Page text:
ii) The claimant operated BP service stations under a livery consisting of the extensive application of a particular green colour to their prominent surfaces. It also registered as a trade mark the colour when applied to exterior surfaces of such premises. The defendant operated a chain of service stations under the name TOP. These stations were subsequently given a new brand image in which green was adopted as the main colour (albeit of a slightly different shade to that of BP). Held, the claim for trade mark infringement succeeded. There was a likelihood of confusion when motorists traveling at speed saw a green station at a distance and made preparations to turn off into the station; such motorists were liable to continue the
manoeuvre even though they might appreciate that the petrol was not that of BP as they neared the station.
Article 5(2) states that
any Member State may also provide that the proprietor shall be entitled to prevent all third parties not having his consent from using in the course of trade any sign which is identical with, or similar to, the trade mark in relation to goods or services which are not similar to those for which the trade mark is registered, where the latter has a REPUTATION in the Member State and where use of that sign without due cause takes unfair advantage of, or is detrimental to, the distinctive character or the repute of the trade mark.
This subsection clearly applies to all goods and services. The above position is analogous to that in the US where protection is provided against the dilution of famous marks by the Federal Trademark Dilution Act which amended the Trade Mark Act of 1946 to provide a remedy against another person´s commercial use of a mark or trade name if that use ``causes dilution of the distinctive quality´´ of the famous mark. It defines dilution as the ``lessening of the capacity of a famous mark to identify and distinguish goods or services´´. The Supreme Court has affirmed that the provision requires a showing of actual dilution, rather than a likelihood of dilution.
Moseley v. V Secret Catalogue, Inc., 537 U.S. 418, 123 S.Ct. 1115 U.S.,2003,
claimants owned the Victoria´s Secret trade mark and sold moderately priced, high quality,
attractively designed lingerie. They sued the defendant who opened a store called Victor´s
Little Secret selling lingerie and adult toys and novelties. The Court of Appeal held that this
was a classic instance of dilution by tarnishing (associating the Victoria´s Secret name with
sex toys and lewd coffee mugs). The Supreme Court reversed this decision on the dilution
count on the basis that there was no evidence of any lessening of capacity of the Victoria´s
Secret mark to identify and distinguish the claimant´s goods or services. At least where the
marks at issue were not identical, the mere fact that consumers would associate the junior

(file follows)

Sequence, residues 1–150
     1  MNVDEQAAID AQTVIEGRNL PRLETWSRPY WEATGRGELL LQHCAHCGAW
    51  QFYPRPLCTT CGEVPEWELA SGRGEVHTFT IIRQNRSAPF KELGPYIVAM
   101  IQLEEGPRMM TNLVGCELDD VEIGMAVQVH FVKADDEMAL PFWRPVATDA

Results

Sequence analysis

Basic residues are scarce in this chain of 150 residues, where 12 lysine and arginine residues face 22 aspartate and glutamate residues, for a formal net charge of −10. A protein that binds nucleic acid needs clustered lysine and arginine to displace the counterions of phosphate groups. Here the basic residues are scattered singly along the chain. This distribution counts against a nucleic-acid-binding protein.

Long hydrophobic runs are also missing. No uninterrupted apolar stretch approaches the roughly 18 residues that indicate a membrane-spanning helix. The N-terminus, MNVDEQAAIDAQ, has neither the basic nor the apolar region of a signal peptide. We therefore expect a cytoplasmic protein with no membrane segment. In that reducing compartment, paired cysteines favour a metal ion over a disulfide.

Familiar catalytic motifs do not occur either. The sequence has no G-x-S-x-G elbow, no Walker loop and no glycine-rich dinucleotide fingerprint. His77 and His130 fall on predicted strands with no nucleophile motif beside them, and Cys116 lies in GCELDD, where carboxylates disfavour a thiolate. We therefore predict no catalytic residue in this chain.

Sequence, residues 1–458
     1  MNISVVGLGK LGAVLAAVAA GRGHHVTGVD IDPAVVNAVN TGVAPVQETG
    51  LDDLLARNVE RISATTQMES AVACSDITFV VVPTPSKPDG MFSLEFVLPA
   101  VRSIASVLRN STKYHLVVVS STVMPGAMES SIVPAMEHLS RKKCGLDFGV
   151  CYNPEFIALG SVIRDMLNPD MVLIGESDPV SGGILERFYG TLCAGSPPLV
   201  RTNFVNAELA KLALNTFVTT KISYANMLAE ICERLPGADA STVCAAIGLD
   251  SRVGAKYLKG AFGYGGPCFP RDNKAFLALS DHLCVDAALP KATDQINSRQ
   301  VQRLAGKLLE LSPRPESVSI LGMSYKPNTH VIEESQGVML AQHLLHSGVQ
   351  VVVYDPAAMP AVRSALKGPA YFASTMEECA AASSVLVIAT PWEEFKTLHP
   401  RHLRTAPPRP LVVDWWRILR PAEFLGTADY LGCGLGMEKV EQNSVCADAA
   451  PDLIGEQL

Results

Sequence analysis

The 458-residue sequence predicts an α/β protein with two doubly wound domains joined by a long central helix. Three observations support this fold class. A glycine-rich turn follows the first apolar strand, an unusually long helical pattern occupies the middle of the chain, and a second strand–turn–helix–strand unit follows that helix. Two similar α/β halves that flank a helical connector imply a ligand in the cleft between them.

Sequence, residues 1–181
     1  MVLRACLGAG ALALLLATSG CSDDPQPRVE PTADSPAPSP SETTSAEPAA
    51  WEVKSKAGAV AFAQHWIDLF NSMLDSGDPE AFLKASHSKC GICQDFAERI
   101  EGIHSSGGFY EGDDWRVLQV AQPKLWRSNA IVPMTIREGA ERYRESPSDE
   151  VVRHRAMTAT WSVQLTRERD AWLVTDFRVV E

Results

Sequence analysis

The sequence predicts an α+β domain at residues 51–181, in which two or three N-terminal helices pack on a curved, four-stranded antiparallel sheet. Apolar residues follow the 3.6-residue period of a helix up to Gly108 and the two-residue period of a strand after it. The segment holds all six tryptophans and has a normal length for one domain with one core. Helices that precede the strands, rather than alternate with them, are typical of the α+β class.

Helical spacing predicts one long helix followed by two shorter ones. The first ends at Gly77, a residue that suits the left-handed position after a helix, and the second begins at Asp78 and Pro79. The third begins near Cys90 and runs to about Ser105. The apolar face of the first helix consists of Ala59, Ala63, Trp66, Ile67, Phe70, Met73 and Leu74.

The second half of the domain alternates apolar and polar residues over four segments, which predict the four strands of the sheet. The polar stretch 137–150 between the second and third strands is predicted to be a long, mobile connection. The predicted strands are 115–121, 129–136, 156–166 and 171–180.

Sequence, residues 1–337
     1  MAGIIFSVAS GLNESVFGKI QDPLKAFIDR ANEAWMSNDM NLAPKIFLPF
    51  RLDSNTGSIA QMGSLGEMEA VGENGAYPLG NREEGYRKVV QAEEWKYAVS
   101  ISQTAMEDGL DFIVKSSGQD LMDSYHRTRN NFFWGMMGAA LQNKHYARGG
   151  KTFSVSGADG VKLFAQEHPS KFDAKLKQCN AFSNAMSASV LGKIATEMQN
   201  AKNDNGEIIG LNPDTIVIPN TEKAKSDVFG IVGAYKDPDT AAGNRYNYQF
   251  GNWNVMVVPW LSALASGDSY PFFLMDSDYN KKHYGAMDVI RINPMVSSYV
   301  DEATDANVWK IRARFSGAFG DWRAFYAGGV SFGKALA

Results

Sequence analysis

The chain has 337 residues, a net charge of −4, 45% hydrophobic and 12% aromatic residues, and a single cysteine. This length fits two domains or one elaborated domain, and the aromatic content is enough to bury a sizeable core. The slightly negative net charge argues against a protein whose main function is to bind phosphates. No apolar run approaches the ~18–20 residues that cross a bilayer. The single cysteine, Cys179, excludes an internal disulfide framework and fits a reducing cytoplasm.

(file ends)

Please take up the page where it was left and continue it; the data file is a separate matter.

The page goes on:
user´s mark with a famous mark was not sufficient to establish actionable dilution.
Daimler Chrysler AG v Alavi (t/a Merc)  R.P.C. 42 Chancery Division,
claimant made Mercedes motor cars and was the proprietor of various trade mark registrations
in respect of the words MERCEDES and MERC in respect of vehicles. The defendant sold
clothes under the trade mark MERC. Held, there was no possibility of confusion as to origin
and although the word MERC might be recognised by some people as an abbreviation of the
MERCEDES mark there was no evidence the defendant derived any advantage from this
L'Oreal SA v Bellure NV 2010 WL 1990595 Court of Appeal (Civil Division),
decision of the European Court of Justice was discussed and shown to mean that the appellants' use of comparison lists
showing which of their products corresponded to which branded perfume infringed the
registered trade marks for those perfumes.
It should be noted that all the above provisions in Article 5 relating to infringement are qualified by the expression ``uses in the course of trade a sign´´. Broadly, use in the course of trade calls for use in the context of a commercial activity with a view to economic advantage, and not as a private matter.
The question whether the expression ``uses in the course of trade´´ carries with it the requirement that the offending sign must be used as an indication of origin, in order to infringe has been clarified by the ECJ in the following case:
Please read: Anheuser-Busch Inc v Budejovicky Budvar Narodni Podnik (C-245/02)
 E.T.M.R. 27 ECJ,
with special emphasis on paragraphs 59 – 64. It was thus held by
the court that in order to establish infringement, a claimant must prove that the defendant is
using the sign in issue in a trade mark sense, that is to say as an indication of origin or so as to
create the impression that there is a material link in the course of trade between the goods or
services in issue and the trade mark proprietor.
According to Article 5(3), activities which constitute use of a sign include: affixing the sign to the goods or to the packaging thereof; offering the goods, or putting them on the market or stocking them for these purposes under that sign, or offering or supplying services thereunder; importing or exporting the goods under the sign; or using the sign on business papers and in advertising.
The most commonly cited defenses are as follows: